• At the elementary schools that adopted new literacy curricula this year, proficiency declined from 36.4% in the fall to 33.6% in the winter.
  • At the elementary schools that haven’t adopted the new curricula, proficiency declined from 40.5% to 38.5% from fall to winter.
  • Reading proficiency among white and Asian students dropped more sharply from the fall to winter than among Black and Hispanic students over the same period. Asian students’ proficiency dropped from 53.1% to 48.9%; white students’ proficiency dropped from 52.5% to 48%; Black students’ proficiency dropped from 26.4% to 25.2%; and Hispanic students’ proficiency dropped from 23.9% to 21.7%.

School officials said they are still figuring out how to tally results from so many different screeners produced by different companies, which they said creates “noise” in the data when aggregated. They emphasized that new reading materials have been used in roughly half of the city’s elementary schools for just six months.

“It’s too early at this point,” Deputy Chancellor Danika Rux said in an interview with Gothamist.

Rux and other senior education officials said individual superintendents can pick from a variety of screener tests to assess students’ literacy rates within their district. But officials said using multiple assessments also makes it harder for the department’s data crunchers to calculate student performance results across all schools.

“We are not at a place where the aggregate data is useful in being able to determine success, failure, up, down for these students,” said schools spokesperson Nathaniel Styer. “That doesn’t mean that we won’t get to a place where the aggregate data will be useful. But at this point in time … it’s not helpful.”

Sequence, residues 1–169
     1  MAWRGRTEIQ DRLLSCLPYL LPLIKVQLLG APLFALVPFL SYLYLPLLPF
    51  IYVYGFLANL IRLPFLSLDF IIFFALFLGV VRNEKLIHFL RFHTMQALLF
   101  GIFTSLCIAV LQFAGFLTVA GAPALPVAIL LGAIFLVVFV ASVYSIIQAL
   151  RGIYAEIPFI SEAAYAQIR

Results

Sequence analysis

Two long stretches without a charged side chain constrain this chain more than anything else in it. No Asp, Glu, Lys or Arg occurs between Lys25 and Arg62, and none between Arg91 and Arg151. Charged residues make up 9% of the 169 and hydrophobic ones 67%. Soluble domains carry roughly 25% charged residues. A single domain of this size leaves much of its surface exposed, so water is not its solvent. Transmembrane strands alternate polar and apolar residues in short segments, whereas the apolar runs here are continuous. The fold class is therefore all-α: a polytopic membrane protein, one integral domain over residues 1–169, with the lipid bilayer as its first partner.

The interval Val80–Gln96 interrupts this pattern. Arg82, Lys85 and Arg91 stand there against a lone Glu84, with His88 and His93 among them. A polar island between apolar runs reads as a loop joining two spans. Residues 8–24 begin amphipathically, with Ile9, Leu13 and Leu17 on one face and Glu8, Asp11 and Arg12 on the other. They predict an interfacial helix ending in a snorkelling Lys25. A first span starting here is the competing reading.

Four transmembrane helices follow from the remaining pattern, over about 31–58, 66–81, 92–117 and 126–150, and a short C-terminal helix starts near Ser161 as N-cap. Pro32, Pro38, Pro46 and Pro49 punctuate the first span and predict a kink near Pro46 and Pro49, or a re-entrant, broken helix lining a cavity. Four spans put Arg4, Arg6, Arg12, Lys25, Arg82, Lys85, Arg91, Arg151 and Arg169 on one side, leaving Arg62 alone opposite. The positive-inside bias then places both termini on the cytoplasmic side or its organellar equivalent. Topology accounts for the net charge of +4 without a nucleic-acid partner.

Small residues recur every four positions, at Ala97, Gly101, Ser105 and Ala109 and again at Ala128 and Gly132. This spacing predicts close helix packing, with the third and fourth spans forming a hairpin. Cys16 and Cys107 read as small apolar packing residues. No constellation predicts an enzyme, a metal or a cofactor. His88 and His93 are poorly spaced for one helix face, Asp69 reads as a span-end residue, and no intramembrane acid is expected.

Styer described the aggregate data as “inaccurate,” adding that the education department was still working on how to evaluate the literacy assessments altogether.

Still, some experts said the data underscores the urgency of the literacy reform effort, which is entering a new phase following a bureaucratic shakeup at the education department headquarters.

Banks earlier this week announced the departure of Quintana, who was overseeing the NYC Reads literacy initiative through her teaching and learning division. He said Quintana will leave at the end of the school year and her department will be folded into Rux’s portfolio.

“I believe that putting the tremendous central Teaching & Learning resources closer to our schools — led by local superintendents — will accelerate the work of NYC Reads,” Banks said in a note to staff.

Susan B. Neuman, an education professor at NYU who serves on the city’s literacy advisory council, said she was distressed about the change and praised Quintana’s “strong leadership.” She also questioned Banks’ plan to delegate the literacy effort to superintendents.